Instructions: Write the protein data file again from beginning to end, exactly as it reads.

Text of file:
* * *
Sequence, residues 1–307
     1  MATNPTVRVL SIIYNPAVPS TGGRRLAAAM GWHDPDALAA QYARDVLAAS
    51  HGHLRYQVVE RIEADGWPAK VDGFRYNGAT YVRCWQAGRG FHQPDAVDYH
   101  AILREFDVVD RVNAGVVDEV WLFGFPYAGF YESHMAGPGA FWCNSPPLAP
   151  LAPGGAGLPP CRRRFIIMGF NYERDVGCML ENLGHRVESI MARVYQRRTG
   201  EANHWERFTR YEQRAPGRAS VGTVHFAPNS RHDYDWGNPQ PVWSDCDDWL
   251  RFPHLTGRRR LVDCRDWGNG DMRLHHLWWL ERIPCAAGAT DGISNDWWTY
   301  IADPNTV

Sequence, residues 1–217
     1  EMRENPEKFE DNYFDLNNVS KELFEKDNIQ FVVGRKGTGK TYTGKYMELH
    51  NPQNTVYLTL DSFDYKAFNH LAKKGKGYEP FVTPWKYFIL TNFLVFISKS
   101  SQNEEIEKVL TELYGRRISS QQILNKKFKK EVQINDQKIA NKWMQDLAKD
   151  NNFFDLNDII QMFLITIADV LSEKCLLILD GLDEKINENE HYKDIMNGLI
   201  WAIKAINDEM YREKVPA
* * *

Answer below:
Sequence, residues 1–307
     1  MATNPTVRVL SIIYNPAVPS TGGRRLAAAM GWHDPDALAA QYARDVLAAS
    51  HGHLRYQVVE RIEADGWPAK VDGFRYNGAT YVRCWQAGRG FHQPDAVDYH
   101  AILREFDVVD RVNAGVVDEV WLFGFPYAGF YESHMAGPGA FWCNSPPLAP
   151  LAPGGAGLPP CRRRFIIMGF NYERDVGCML ENLGHRVESI MARVYQRRTG
   201  EANHWERFTR YEQRAPGRAS VGTVHFAPNS RHDYDWGNPQ PVWSDCDDWL
   251  RFPHLTGRRR LVDCRDWGNG DMRLHHLWWL ERIPCAAGAT DGISNDWWTY
   301  IADPNTV

Sequence, residues 1–217
     1  EMRENPEKFE DNYFDLNNVS KELFEKDNIQ FVVGRKGTGK TYTGKYMELH
    51  NPQNTVYLTL DSFDYKAFNH LAKKGKGYEP FVTPWKYFIL TNFLVFISKS
   101  SQNEEIEKVL TELYGRRISS QQILNKKFKK EVQINDQKIA NKWMQDLAKD
   151  NNFFDLNDII QMFLITIADV LSEKCLLILD GLDEKINENE HYKDIMNGLI
   201  WAIKAINDEM YREKVPA